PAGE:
A pink-shaded map of Los Angeles showing student debt burden
Mapping Student Debt

How much of your paycheck goes towards student loans?

Higher education is supposed to be the great equalizer, the one-way ticket to the security and prosperity of the middle class. But with 44 million Americans struggling with more than $1.4 trillion of student debt, the very thing that’s supposed to level out the playing field, in fact, makes disparities a lot worse.

A new interactive map released today by Generation Progress, the youth-engagement arm of the Center for American Progress, breaks down average student debt burden—the percent of income spent on student loan payments—for each zip code across the nation. As the third installation of the Mapping Student Debt project, the map aims to highlight exactly which neighborhoods feels the most debt pressure in their everyday spending.

Americans pay an average of 6 percent of each paycheck toward student loans, but in large cities that tend to have more young and low-income borrowers, like New York City or Washington, D.C., debt burden can surpass 10 percent. That’s way more than the 5.5 percent of a paycheck that Americans typically spend on groceries, according to the Department of Agriculture.

Mapping Student Debt

Researchers found that debt burden is highest in neighborhoods like southeast D.C., where employment rates are low, signaling how the student debt crisis is closely linked to the health of the labor market. Areas with low debt burden tend to have higher average loan balances, like in Manhattan, suggesting that those who take on more student loans already have the financial stability to pay it off more easily, or more access to high-paying jobs post-graduation. But Marshall Steinbaum, research director at the Roosevelt Institute who worked with Generation Progress on the project, believes these geographic disparities are caused by more than just higher salaries, but also the stark racial and income segregation within cities.

He theorizes that these disparities are due to credentialization: jobs that previously would not have required higher education (and thus the student debt that comes along with it), now do. Pair this with the fact that the cost of college is rising nearly eight times faster than wages, and many recent graduates are stuck with the same salary, but mounting debt. For those who are poor and living in neighborhoods with lower-performing labor markets, this translates to a higher debt burden, as shown in the maps.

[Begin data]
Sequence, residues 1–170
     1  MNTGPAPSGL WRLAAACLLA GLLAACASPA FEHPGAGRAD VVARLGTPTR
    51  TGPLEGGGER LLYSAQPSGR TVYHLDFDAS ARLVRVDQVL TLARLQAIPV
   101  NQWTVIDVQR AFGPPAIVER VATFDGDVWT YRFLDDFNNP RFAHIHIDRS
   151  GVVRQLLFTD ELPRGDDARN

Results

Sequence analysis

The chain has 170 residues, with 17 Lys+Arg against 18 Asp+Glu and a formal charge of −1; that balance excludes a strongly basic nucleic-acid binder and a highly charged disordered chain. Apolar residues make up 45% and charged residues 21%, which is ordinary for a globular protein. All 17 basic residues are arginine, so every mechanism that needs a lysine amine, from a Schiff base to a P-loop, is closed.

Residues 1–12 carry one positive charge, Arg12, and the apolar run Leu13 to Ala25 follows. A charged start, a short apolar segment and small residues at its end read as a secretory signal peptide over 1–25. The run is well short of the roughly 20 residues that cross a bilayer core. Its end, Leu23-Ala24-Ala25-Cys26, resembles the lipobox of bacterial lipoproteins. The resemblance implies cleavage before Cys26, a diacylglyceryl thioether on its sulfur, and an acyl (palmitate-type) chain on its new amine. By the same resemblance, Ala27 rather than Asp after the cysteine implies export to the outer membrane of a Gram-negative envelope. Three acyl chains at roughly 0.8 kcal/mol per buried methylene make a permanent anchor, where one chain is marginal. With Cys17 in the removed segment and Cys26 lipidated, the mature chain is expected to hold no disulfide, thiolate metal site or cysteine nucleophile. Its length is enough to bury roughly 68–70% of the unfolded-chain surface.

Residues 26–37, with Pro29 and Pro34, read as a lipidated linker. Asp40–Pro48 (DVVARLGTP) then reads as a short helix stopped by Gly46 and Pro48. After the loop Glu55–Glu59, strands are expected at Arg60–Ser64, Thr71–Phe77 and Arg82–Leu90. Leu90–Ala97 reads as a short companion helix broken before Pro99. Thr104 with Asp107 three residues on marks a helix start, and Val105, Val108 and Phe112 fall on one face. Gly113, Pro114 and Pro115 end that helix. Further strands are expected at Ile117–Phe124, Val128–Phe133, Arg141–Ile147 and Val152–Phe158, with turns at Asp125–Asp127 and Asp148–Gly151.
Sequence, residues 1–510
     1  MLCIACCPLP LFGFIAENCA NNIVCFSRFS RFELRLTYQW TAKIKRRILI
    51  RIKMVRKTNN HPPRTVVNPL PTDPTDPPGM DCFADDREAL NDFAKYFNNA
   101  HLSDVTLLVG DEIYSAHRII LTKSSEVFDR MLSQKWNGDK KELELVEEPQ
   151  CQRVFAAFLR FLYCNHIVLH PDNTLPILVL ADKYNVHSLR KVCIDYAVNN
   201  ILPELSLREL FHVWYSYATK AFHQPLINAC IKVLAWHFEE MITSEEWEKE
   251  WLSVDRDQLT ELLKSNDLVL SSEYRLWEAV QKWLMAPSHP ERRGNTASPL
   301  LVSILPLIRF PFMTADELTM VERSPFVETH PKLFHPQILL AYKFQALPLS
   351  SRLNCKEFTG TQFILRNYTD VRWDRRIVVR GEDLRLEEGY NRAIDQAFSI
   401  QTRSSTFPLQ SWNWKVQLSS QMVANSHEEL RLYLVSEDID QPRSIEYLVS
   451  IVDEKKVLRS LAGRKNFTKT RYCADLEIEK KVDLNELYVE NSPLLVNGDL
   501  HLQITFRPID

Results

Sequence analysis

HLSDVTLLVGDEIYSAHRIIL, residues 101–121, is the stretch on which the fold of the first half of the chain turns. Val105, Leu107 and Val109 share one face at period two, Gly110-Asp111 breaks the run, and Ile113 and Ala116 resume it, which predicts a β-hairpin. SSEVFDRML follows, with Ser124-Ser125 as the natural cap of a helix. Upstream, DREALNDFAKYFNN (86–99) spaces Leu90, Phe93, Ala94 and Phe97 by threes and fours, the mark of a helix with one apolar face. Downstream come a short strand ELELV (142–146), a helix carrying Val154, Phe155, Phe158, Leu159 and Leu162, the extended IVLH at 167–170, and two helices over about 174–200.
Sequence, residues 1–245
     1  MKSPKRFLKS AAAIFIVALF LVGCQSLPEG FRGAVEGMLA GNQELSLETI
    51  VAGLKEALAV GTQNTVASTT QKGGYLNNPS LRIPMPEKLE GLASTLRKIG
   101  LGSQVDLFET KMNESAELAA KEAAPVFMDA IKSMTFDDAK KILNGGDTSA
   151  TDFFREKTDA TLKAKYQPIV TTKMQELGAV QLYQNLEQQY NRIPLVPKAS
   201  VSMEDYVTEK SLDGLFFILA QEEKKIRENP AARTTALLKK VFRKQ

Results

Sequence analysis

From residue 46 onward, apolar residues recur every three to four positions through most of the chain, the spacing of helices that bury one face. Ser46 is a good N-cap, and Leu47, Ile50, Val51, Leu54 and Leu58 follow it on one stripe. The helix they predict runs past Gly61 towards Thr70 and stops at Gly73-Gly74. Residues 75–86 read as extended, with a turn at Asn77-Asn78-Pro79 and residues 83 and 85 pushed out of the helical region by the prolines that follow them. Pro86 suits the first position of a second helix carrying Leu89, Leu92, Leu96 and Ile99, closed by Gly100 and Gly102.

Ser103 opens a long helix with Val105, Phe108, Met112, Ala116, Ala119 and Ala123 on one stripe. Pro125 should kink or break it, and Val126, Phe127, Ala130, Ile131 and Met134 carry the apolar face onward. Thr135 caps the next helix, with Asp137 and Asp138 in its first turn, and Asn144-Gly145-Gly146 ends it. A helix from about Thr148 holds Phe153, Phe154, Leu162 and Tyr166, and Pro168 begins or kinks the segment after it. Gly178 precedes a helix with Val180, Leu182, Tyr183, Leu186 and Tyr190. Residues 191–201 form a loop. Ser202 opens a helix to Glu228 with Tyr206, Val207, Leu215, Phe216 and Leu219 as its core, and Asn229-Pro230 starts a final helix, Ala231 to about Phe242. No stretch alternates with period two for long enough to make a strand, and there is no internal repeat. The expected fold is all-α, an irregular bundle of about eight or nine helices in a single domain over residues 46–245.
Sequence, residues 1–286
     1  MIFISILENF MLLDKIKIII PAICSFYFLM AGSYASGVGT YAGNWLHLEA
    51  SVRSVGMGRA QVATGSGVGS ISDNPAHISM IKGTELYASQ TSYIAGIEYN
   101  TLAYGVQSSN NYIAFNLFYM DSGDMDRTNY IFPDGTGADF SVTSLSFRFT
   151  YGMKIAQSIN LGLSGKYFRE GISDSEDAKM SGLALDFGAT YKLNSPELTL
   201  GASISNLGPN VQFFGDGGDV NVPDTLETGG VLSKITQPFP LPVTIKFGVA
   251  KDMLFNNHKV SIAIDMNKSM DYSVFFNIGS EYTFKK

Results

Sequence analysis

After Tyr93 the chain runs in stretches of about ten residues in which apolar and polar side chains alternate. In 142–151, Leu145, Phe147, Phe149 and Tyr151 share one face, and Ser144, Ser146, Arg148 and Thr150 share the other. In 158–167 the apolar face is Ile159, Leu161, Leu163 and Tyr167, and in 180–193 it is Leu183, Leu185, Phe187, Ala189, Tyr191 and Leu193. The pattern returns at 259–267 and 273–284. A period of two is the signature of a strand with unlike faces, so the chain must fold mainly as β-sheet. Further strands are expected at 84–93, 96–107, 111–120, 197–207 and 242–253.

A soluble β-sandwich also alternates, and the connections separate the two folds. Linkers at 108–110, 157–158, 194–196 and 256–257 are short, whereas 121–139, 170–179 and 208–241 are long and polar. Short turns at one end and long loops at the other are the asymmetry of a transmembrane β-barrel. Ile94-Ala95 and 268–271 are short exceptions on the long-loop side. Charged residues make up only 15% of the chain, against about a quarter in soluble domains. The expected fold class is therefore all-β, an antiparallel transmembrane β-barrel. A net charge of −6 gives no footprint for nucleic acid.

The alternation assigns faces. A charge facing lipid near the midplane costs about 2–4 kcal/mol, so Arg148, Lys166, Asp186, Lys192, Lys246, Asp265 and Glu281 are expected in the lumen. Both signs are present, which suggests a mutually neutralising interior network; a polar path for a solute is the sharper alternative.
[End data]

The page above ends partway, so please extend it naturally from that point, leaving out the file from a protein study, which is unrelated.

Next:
“There is the story that we were always told: go to college, take out the loans, they’re an investment in your future, everything will be fine,” said Maggie Thompson, executive director of Generation Progress. “The student debt market is, in some ways, a reflection of structural racism and the wealth gap in this country.”

Mapping Student Debt

The way students manage this increasing credentialization varies by race. One 2016 study found that white students are more likely to be from higher socioeconomic backgrounds and thus have the family support to obtain more education and pay off their debt more easily. Students of color are more likely to be lower-income and thus without that family support, so the debt piles up.

The study also found that at the time of graduation, black students owe $7,400 more in loans on average than white students, but over the next few years, the gap more than triples to $25,000. Even after controlling for family wealth, the racial gap still appeared, hinting that it’s not just rich parents causing the discrepancies, but also lower post-grad salaries or accruing interest. Latino graduates showed a similar, but slightly smaller disparity. The infamous motto, “Work twice as hard to get half as far” applies precisely to student debt; in fact, it might even be three times as hard.

The Consumer Financial Protection Bureau says this all accumulates into the “domino effect”: Student loan borrowers are more likely to delay purchasing a home or car, saving for retirement, starting a business, or even getting married. With a higher student burden, recent graduates are squeezed out of taking the next steps in their adult lives.